Researchers are using cues gleaned from GPS tracking and NASA satellite data to predict when the zebras will be on the move, a powerful tool for the conservation of the animal.

One of the world’s longest migrations of zebras occurs in the African nation of Botswana, but predicting when and where zebras will move has not been possible until now.

Using NASA rain and vegetation data, researchers can track when and where arid lands begin to green, and for the first time anticipate if zebras will make the trek or, if the animals find poor conditions en route, understand why they will turn back.

Covering an area of approximately 22,000 square kilometres, Botswana’s Okavango Delta is one end of the second-longest zebra migration on Earth, a 580-kilometre round trip to the Makgadikgadi Salt Pans-the largest salt pan system on the planet.

Zebras walk an unmarked route that takes them to the next best place for grazing, while overhead thundering cloudbursts of late October rains drive new plant growth, filling pockmarks across this largest inland delta in the world.

In a matter of weeks, the flooded landscape could yield ecosystems flush with forage for the muscled movers.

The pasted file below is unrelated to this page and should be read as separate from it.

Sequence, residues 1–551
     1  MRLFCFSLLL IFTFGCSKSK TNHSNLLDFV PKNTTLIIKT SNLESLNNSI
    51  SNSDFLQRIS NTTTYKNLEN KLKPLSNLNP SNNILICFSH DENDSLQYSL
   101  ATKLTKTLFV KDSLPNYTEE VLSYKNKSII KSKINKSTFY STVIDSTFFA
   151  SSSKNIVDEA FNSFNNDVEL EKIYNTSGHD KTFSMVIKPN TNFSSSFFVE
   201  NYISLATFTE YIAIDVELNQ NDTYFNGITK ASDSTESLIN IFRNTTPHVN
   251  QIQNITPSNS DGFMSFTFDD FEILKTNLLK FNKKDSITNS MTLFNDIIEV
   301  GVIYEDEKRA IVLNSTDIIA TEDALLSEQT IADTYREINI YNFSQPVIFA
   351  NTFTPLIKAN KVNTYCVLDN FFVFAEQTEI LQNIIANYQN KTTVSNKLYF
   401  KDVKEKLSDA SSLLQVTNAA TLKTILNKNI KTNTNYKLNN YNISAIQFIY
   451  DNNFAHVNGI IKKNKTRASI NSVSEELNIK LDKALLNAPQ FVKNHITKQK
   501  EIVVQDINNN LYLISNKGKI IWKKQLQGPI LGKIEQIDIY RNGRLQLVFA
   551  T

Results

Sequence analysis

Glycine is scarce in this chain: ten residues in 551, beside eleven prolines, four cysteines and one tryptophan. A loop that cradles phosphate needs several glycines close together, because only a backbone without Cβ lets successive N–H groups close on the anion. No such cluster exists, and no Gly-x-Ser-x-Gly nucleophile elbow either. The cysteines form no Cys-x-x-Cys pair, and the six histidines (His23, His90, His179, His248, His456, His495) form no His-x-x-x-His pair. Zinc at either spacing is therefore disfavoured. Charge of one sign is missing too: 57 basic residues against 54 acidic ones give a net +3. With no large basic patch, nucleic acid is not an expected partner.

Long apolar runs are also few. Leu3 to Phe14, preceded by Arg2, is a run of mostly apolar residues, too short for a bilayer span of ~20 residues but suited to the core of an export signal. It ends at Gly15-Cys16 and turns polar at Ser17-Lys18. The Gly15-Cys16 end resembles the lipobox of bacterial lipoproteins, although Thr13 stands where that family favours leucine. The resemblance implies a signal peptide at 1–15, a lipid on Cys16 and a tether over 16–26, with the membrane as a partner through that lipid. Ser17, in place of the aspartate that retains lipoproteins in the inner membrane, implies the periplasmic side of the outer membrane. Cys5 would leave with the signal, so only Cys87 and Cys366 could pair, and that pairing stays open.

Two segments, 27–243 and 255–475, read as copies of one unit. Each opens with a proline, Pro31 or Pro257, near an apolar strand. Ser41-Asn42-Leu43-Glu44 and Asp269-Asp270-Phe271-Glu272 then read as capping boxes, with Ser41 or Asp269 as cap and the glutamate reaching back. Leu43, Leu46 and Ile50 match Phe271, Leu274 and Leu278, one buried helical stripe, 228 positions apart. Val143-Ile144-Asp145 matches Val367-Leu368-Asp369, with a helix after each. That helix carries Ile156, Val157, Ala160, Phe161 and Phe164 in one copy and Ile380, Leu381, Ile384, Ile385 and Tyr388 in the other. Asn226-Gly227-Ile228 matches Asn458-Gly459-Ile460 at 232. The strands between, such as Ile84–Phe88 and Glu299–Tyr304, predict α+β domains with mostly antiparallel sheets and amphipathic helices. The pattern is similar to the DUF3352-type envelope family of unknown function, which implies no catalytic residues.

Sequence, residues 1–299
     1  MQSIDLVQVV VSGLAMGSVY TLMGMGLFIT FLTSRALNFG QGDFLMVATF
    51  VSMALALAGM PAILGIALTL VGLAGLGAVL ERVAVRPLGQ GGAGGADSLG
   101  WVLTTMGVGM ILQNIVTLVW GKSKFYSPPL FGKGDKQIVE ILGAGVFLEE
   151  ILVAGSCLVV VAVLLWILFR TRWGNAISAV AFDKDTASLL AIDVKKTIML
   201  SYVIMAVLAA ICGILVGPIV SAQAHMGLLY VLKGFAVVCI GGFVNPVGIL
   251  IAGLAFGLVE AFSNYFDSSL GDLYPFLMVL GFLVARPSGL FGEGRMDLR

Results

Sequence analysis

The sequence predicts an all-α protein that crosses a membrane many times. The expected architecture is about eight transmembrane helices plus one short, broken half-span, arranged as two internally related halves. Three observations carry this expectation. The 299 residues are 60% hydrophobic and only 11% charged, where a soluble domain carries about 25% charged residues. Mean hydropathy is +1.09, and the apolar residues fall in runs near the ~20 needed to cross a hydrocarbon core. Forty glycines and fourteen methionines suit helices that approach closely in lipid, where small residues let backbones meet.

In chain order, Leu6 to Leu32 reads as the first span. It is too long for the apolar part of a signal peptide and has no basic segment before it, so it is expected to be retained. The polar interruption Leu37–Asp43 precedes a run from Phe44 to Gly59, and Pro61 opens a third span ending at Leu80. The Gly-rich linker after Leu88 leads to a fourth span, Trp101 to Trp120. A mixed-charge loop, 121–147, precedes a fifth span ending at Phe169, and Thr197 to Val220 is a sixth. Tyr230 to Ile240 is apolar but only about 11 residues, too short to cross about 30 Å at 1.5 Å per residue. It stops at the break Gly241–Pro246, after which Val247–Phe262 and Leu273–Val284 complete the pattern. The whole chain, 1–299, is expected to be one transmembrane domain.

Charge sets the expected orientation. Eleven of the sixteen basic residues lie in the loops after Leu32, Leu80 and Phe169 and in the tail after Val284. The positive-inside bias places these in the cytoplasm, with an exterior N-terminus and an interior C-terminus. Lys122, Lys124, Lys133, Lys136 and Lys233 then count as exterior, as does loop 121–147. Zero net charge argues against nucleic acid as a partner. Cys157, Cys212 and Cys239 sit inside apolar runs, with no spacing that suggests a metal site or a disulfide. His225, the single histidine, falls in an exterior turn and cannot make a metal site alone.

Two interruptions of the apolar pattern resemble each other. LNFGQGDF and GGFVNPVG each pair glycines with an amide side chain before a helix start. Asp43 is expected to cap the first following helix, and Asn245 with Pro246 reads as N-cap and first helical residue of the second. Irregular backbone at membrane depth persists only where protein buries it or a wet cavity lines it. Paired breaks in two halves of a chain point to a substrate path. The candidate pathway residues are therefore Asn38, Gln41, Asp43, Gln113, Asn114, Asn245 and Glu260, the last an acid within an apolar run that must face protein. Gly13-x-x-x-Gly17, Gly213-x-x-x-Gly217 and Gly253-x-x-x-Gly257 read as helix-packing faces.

Earth-orbiting satellites capture images of the zebras’ movements on this epic trek, as well as the daily change in environmental conditions.

Zebras do not need data to know when it’s time to find better forage: The surge of rain-coaxed grasses greening is their prompt to depart. But now, researchers are able to take that data and predict when the zebras will move.

While tracking animal movement with satellites has been accomplished many times, researchers combined that information with in-depth use of environmental satellite data, using a series of images of vegetation growth and rainfall taken over days and weeks.

This sheds unprecedented light on what drives animals to migrate, what cues they use, and how animal migrations respond to environmental changes, researchers said.

Pieter Beck, research associate with the Woods Hole Research Center in Falmouth, and three collaborators studied animal migration in a novel way, which they described in a paper published in the Journal of Geophysical Research.